Victor: CaRT play down boaters contribution

Published: Sunday, 03 November 2019

'FORGETTING' the income from boaters for moorings, CaRT purposely more than halved its latest stated annual income from boaters.

Stating that boaters only paid 10% of CaRT's annual income, Jon Horsfall, Head of Customer Service Support, seemingly 'forgot' to mention that boaters also contribute with mooring fees, with Allan Richards discovering that together this amounted to over 22%!

The only deduction from this is that CaRT doesn't want to show that we boaters contribute nearly a quarter of its income.  That begs the question—was this to show that at just 10% boating was unimportant so not worthy of spending?

As Allan comments, and to which I heartily concurIt is the typical claptrap of CaRT again attempting to play down the contribution played by boating.

In is own words

Here is what Jon Horsfall stated, as widely published:

“Income from private boat licences accounted for around 10% of our annual income last year, and helps ensure that we can carry out the vast amount of work needed to keep the waterways available to boaters."

Keep the waterways available to boaters?

Not at all clear

Which brings me to the stoppage caused by the collapsed culvert on the Leeds & Liverpool that is causing some confusion.  

The notice from CaRT tells the stoppage is from Monday 21st October until Friday 15th November, then goes on to state—'We have now brought forward the winter stoppage (originally planned for January 2020) to enable the re-lining of the canal bed over the line of the culvert'.

Our enquiries brought no further response, which leaves it all very unclear.  Is the navigation open after the 15th November or has the winter stoppage been brought forward to the 16th, and thus closed until the work is completed?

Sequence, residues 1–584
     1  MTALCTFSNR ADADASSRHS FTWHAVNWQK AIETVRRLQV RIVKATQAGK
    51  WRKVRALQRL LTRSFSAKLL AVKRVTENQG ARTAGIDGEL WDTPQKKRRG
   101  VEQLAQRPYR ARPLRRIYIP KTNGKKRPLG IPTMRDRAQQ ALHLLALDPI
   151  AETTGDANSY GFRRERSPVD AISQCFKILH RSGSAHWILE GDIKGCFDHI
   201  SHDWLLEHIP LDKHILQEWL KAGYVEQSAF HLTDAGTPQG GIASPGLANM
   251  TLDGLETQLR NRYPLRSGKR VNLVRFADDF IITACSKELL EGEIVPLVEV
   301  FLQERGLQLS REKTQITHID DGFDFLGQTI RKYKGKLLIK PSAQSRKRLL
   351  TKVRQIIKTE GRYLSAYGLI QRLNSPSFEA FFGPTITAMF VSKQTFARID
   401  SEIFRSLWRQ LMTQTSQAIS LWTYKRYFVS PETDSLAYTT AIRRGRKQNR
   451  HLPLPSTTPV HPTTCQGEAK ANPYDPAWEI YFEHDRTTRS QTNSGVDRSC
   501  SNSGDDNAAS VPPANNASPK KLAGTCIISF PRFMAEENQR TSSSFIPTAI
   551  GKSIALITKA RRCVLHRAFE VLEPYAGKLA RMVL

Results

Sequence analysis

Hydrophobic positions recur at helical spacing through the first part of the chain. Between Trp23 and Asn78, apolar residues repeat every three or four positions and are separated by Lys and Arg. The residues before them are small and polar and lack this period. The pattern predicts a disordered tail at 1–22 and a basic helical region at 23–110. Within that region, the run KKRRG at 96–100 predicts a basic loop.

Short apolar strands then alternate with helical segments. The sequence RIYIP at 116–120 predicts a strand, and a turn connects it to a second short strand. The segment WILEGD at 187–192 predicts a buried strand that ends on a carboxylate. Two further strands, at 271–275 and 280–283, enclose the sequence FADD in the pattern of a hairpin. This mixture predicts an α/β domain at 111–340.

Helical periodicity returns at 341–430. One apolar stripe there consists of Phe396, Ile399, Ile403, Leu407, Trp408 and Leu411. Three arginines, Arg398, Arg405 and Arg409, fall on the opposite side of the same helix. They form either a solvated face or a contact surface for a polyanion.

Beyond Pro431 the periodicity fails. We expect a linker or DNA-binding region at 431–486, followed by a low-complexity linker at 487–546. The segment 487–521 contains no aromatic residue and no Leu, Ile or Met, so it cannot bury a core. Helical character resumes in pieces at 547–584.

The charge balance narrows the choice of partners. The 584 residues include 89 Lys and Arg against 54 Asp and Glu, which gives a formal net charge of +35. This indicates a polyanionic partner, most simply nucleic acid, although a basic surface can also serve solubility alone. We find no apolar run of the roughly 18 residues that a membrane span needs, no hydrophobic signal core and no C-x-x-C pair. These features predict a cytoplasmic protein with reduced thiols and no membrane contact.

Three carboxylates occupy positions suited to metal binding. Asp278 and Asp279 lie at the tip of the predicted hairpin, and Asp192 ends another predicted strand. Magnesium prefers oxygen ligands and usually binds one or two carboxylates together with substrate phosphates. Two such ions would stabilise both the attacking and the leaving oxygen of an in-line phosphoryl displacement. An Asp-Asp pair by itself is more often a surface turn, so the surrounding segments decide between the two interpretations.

I pity the boaters who have to try and make sense of such notices. CaRT really should get these ever increasing 'Cartisms' sorted and give conciseand accurateinformation.

TimeshareTime share woes

It would seem the time share market is not doing so well these days with boats—such as the one in the picture—displaying notices stating that they have time shares for sale.

Many such firms have given up the ghost for lack of takers, with those operating just a few boats being hard hit, not having the capability to weather the downturn, with Chanson Cruising and Ambition biting the dust this year.

The writing was really on the wall when the big ones such as Shakespeare at Mercia went out of business and Canaltime at Sawley left, cutting down its fleet to just a few at Market Harborough.  Though strangely, both are advertising as still operating from those bases!

That boat

Moored at the pump-out last week on Sawley Cut, we were hit a couple of times by Zion, the share boat in the picture above, but its fender saved us from any harm during its protracted attempt to moor.

I realise that for many share boat people it is their first opportunity at boating, but I just could not understand this fella, who had himself in a mess the moment he exited the marina hitting the moored boats, his 'shuffling' about leading us to believe he wanted to turn as he was all over the place, not making any sense of what he was doing.

Eventually they gave up attempting to get it to the towpath under power, the two of them leaping off the boat with a rope and dragged it to the towpath, eventually mooring.

The ridiculous thing was that as the Trent was in flood the area below the entrance was virtually devoid of boats leaving plenty of space to manoeuvrer, yet this pair had to do it amongst the moored boats.  There is a difference methinks, between being a beginner and using a little common sense...

Victor Swift